The WHO has declared that over 600 million people each year fall ill due to bacteria or viruses.

Is it true that food can transmit illnesses?

Yes. Food and water can contain bacteria, pathogenic microorganisms which contaminate foods if added accidentally or deliberately, and which can cause disease if they succeed in breaking through the body’s defences, especially in children and the elderly, or individuals with immune system compromise due to stress or illness.

How does contamination occur?

Bacteria may be present in foods at source, such as in meat from infected animals, or in vegetables grown in contaminated terrain or irrigated with contaminated water. Alternatively, foods can become contaminated during the various stages of processing, due to handling with dirty hands, contact with aerial secretions, using water not fit for drinking, or due to contact with contaminated foods.

How does food cause infection (food poisoning)?

These microorganisms become harmful through ingestion of food contaminated by the infectious agents (for example salmonella), or due to poisoning from toxins produced by the food itself (as in the case of botulism).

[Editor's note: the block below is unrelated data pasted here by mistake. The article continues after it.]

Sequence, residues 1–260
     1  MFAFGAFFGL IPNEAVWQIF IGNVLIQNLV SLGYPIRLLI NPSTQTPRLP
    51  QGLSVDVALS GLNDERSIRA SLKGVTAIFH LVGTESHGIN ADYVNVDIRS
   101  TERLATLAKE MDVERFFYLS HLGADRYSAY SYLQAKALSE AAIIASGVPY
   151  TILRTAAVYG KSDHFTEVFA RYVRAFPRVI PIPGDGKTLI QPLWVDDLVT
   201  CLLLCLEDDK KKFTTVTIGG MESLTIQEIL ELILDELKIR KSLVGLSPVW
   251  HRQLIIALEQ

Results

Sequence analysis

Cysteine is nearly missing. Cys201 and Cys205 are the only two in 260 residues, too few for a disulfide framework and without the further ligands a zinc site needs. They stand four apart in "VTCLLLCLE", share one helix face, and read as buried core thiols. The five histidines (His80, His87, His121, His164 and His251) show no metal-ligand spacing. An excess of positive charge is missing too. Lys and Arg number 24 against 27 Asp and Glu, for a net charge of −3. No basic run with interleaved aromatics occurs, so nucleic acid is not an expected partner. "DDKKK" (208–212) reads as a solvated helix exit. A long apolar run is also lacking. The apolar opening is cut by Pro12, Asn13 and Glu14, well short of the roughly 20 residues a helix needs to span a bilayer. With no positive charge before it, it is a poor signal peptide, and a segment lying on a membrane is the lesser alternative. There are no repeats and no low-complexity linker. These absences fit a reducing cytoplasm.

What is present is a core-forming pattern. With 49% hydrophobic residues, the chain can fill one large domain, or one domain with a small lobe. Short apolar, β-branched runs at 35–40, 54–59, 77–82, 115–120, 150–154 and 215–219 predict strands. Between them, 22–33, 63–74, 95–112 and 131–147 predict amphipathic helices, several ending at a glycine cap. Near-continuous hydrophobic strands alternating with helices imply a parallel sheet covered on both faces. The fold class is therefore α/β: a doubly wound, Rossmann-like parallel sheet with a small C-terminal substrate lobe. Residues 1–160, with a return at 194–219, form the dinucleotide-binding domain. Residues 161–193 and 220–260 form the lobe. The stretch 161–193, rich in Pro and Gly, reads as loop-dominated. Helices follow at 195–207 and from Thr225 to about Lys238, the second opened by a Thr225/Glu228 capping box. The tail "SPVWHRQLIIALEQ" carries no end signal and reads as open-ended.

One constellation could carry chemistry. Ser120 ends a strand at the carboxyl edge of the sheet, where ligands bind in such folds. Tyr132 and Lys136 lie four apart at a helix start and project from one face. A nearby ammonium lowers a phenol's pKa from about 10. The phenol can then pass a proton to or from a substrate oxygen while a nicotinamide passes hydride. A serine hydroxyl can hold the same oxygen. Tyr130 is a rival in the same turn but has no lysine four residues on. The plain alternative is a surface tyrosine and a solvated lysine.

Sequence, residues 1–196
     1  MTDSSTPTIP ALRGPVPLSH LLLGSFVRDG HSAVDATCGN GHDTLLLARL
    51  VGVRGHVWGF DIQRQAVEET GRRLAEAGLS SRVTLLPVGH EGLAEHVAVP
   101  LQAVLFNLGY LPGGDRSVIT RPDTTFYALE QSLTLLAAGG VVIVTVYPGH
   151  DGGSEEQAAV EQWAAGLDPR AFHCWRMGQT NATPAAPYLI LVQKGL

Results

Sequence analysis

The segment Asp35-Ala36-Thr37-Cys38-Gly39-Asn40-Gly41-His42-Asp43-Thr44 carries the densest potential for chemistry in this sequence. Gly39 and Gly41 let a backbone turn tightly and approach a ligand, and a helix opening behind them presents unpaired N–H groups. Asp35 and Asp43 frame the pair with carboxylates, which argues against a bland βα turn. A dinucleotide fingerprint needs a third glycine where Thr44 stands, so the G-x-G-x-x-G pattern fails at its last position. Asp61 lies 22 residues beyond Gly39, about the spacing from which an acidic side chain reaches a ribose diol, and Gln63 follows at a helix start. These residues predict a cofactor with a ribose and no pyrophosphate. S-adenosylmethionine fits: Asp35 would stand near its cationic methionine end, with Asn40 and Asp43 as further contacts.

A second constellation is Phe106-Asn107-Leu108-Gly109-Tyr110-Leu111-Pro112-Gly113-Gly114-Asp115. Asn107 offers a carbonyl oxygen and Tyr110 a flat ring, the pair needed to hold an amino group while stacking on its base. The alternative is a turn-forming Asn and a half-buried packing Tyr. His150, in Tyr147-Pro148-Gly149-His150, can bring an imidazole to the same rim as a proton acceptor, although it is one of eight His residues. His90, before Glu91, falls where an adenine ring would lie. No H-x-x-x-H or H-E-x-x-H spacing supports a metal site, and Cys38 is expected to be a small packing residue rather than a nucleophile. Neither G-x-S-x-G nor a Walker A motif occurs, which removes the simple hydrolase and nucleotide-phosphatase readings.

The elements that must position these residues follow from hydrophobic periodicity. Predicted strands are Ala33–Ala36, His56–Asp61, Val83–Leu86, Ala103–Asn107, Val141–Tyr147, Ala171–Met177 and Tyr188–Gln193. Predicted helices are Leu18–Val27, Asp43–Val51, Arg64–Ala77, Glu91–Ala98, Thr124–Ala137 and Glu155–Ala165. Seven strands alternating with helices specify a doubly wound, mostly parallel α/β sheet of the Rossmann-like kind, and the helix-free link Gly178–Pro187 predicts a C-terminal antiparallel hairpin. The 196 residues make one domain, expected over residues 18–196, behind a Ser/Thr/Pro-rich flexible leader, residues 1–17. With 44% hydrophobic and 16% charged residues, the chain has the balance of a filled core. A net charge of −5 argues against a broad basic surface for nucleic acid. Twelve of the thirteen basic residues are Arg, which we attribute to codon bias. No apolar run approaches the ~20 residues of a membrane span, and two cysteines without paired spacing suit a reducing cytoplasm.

There are more than 250 types of food poisoning known throughout the world, with different symptoms and caused by different pathogens, mainly bacteria, viruses and parasites. New pathogens (the “emerging pathogens”, such as campylobacter jejuni, Escherichia coli 157:H7, Listeria monocytogenes, Yersinia enterocolitica, etc.) are being identified all the time, some of which are also spread by the increase in trade; the increased use of canteens, restaurants and eating out; travel, and large-scale industrial farming operations.

What are the most frequent illnesses, and what are their symptoms?

  • Botulism

An extremely serious type of food poisoning which occurs between 12 and 36 hours after eating contaminated food

Symptoms include dry mouth, muscle weakness, blurred vision, and difficulty swallowing.

Nausea or diarrhoea may also be present, but not always.

The foods responsible are fruit and vegetables prepared at home, sausages, more rarely tinned food.

  • Salmonellosis